Friday, February 8, 2013

Kushibuchi Hachiman Shrine & Kita Sadakichi


The entrance to the Hachiman Shrine in Kushibuchi, part of Komatsushima City in Tokushima, is flanked by a pair of huge, venerable old trees, probably Camphor.


At the base of one of the trees was a bust of Kita Sadakichi, a famous historian and educator from the Meiji Period who was born nearby in 1871. From a peasant farming family, while in school he suffered bullying and discrimination from his samurai-class schoolmates and this probably led to his being a tireless opponent of discrimination, especially against burakumin.


Like most historians of his time he saw the Japanese as a hybrid people composed of many peoples and races and that in ancient times discrimination did not exist in Japan. He saw the beginning of discrimination when the knowledge of  the Japanese's roots in the Korean peninsular was actively suppressed, a point alluded to in the ninth century Kogoshui. Unfortunately his solution to discrimination was assimilation and his ideas formed the basis for the educational policies of the colonial governments in Korea. The best source in English I have found on his ideas can be found in " A Genealogy of 'Japanese' Self-images" by Eiji Oguma, my short review of which can be found here.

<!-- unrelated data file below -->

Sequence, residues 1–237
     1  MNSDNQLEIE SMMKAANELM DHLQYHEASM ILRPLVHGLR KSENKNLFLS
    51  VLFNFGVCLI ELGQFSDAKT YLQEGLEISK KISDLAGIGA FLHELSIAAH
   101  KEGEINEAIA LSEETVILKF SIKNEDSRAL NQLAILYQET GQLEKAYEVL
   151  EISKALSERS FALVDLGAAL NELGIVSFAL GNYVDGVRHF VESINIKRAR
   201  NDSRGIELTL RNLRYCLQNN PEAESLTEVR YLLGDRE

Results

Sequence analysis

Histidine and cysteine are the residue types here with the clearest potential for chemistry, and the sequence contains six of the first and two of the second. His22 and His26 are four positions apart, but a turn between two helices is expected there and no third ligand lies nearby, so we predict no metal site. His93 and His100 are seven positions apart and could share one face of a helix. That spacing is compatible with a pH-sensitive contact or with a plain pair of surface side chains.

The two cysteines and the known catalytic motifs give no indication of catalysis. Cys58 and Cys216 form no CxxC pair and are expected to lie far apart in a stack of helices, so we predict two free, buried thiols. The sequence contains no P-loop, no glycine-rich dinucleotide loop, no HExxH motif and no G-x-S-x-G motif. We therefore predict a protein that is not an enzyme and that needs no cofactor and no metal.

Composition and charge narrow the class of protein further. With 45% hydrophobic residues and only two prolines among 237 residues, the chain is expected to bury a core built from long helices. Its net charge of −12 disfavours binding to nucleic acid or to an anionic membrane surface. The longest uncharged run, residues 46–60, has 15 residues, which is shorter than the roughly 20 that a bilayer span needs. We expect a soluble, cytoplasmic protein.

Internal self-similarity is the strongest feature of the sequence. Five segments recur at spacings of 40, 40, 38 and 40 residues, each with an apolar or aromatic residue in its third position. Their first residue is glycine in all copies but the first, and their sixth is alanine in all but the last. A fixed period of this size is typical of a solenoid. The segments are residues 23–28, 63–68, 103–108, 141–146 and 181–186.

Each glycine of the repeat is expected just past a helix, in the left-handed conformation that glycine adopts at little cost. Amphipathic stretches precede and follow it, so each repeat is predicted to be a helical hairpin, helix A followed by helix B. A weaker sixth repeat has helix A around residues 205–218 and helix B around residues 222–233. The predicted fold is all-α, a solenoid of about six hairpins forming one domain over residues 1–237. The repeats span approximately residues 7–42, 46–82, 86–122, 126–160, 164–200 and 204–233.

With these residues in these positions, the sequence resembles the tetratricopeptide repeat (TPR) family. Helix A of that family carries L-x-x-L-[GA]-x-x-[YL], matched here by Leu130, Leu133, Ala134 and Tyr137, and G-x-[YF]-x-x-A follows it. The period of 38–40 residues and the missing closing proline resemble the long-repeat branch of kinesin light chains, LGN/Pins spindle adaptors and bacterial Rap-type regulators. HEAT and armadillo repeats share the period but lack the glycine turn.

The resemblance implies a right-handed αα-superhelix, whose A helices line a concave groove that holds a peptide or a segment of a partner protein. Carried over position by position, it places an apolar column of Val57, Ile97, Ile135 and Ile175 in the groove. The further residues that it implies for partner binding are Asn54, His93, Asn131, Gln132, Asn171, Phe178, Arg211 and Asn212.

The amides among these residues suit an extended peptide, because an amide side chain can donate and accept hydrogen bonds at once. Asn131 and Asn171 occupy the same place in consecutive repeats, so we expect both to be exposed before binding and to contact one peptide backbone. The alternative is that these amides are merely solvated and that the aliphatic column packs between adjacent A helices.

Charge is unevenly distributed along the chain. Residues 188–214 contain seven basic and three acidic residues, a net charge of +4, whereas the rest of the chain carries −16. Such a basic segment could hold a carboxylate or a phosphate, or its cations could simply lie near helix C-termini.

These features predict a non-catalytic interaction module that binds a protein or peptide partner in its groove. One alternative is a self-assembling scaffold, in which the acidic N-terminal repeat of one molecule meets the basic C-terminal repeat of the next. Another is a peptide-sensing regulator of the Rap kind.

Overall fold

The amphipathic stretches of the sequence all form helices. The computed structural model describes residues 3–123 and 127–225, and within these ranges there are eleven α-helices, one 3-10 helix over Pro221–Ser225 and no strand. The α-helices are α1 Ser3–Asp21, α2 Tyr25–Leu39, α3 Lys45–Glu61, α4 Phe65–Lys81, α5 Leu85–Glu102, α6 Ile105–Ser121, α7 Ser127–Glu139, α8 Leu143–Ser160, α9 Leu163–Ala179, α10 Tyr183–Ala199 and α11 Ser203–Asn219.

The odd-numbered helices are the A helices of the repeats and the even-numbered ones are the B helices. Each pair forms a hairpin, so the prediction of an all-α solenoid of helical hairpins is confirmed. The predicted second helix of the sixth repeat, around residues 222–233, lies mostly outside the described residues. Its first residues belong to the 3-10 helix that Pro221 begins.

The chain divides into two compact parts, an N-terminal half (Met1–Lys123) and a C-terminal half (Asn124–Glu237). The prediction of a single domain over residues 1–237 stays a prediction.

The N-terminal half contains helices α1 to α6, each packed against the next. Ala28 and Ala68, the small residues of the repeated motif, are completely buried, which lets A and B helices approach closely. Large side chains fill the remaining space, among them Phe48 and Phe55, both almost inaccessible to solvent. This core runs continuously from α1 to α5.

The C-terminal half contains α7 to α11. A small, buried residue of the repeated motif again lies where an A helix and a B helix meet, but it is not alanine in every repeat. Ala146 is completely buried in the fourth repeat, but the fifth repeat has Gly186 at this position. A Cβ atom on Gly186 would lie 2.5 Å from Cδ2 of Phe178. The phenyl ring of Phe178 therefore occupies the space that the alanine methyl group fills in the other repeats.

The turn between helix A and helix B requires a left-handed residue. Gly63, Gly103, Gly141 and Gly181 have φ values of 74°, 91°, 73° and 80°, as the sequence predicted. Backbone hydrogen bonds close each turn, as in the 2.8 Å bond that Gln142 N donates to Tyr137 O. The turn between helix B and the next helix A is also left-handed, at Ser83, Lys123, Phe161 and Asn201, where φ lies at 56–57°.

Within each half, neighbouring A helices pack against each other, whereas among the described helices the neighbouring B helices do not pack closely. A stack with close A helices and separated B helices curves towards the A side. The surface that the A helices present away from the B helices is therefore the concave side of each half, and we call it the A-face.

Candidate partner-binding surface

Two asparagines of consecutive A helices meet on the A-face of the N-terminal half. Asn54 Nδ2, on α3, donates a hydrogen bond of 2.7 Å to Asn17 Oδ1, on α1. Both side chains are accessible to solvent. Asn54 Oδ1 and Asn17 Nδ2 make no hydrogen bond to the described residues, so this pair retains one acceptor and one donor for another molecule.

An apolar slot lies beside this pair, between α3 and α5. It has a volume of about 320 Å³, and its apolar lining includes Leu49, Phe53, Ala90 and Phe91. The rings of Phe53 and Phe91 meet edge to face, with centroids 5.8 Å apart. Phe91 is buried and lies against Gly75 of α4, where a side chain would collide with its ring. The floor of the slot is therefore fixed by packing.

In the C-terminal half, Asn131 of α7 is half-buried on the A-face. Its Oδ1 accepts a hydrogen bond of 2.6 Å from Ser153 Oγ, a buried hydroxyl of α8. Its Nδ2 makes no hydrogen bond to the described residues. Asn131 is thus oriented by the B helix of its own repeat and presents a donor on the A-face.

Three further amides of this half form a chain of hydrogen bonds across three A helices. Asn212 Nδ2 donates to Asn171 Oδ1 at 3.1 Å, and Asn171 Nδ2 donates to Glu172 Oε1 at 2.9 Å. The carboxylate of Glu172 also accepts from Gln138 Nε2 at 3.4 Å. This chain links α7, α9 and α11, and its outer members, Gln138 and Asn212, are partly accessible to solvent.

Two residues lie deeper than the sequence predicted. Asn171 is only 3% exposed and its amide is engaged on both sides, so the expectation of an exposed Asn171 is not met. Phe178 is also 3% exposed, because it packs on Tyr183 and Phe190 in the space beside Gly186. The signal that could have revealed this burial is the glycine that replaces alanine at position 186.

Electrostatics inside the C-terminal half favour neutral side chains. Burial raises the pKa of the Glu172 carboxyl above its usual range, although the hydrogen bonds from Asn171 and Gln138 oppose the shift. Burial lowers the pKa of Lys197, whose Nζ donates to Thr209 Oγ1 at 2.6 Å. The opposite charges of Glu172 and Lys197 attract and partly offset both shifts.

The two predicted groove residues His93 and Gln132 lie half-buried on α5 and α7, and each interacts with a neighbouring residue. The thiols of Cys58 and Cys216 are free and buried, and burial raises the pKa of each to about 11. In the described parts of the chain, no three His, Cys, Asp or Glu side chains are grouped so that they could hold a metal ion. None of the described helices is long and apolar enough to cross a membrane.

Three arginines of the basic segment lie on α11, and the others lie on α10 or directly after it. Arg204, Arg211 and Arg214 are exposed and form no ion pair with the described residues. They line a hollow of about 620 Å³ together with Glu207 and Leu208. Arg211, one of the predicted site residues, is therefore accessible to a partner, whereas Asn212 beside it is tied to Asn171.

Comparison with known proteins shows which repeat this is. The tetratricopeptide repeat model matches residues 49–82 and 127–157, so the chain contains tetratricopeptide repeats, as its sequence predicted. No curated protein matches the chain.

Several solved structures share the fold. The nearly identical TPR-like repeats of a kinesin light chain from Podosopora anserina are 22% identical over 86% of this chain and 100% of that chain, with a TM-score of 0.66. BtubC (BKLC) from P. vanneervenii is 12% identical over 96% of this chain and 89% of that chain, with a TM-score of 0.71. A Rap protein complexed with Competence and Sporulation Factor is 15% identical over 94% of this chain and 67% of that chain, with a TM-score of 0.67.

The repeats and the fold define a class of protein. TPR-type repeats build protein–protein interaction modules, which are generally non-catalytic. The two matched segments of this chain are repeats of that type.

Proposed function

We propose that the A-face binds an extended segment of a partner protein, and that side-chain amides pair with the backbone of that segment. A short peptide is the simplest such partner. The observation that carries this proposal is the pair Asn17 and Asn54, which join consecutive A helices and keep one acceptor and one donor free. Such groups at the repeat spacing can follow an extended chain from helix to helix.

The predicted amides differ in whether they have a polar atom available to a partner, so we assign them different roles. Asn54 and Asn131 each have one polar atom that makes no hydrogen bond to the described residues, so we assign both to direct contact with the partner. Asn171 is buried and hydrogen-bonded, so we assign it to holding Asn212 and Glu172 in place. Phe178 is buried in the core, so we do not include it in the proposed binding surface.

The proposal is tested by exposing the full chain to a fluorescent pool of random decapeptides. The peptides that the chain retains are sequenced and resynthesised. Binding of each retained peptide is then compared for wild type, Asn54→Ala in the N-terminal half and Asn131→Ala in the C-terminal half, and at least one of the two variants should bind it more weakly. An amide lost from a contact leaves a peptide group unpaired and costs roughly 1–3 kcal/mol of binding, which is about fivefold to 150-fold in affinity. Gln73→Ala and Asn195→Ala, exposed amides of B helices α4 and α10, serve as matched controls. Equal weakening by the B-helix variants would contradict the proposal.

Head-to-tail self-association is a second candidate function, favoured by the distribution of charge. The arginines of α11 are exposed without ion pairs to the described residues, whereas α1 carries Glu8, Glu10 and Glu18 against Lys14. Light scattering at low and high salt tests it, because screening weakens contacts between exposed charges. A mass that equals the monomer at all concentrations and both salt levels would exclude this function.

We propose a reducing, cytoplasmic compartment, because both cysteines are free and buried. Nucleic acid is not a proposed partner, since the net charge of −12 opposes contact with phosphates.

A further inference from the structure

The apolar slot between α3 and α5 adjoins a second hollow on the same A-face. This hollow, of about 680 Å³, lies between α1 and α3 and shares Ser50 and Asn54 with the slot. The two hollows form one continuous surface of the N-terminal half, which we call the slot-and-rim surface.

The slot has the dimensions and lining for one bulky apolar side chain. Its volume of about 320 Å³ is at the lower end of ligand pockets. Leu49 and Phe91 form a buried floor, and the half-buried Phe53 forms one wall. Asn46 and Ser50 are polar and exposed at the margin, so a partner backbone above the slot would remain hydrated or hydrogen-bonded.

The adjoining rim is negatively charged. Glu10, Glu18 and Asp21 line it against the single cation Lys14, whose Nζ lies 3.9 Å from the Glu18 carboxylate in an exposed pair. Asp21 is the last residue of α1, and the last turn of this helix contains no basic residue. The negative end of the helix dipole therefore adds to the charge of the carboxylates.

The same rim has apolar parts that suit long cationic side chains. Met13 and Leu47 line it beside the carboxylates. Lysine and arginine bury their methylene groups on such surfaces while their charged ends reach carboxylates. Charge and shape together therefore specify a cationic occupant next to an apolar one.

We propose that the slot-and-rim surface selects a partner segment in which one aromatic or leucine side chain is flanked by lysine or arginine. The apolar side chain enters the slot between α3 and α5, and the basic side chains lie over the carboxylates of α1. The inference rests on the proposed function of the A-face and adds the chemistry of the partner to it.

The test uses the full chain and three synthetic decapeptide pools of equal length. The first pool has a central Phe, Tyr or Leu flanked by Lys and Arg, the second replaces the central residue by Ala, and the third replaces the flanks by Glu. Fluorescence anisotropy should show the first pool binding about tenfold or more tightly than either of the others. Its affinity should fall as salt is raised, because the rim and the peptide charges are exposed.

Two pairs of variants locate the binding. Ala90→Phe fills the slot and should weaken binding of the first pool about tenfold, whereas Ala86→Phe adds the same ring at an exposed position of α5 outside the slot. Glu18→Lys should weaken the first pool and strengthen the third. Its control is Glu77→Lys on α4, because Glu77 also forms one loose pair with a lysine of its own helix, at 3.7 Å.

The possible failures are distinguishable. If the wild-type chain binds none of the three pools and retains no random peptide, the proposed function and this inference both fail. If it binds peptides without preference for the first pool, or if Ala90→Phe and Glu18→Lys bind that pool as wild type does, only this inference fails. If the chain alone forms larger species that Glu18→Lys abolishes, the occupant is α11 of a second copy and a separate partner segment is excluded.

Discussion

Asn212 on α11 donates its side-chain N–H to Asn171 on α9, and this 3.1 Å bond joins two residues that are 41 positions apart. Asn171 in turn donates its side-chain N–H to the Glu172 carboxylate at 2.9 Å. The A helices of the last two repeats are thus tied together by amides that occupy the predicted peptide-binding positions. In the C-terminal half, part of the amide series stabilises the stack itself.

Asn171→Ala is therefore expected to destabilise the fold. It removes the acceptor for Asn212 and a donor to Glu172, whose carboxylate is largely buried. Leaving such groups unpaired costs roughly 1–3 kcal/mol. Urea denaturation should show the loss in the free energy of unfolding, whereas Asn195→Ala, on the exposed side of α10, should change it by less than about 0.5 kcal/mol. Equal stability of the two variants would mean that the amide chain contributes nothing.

Being a Hachiman shrine, the main kami enshrined here is of course Ojin. usually Hachiman is equated with Ojin, his mother Jingu, and a third kami, either his father Chuai or his consort Himegami. Unfortunately there was no signboard so I have no idea which kami are enshrined in the various small shrines in the grounds except...


a Katsuragi Shrine, in all probability a branch of the shrine on top of Mount Kongo in Osaka and founded by En no Goya the legendary founder of Shugendo.


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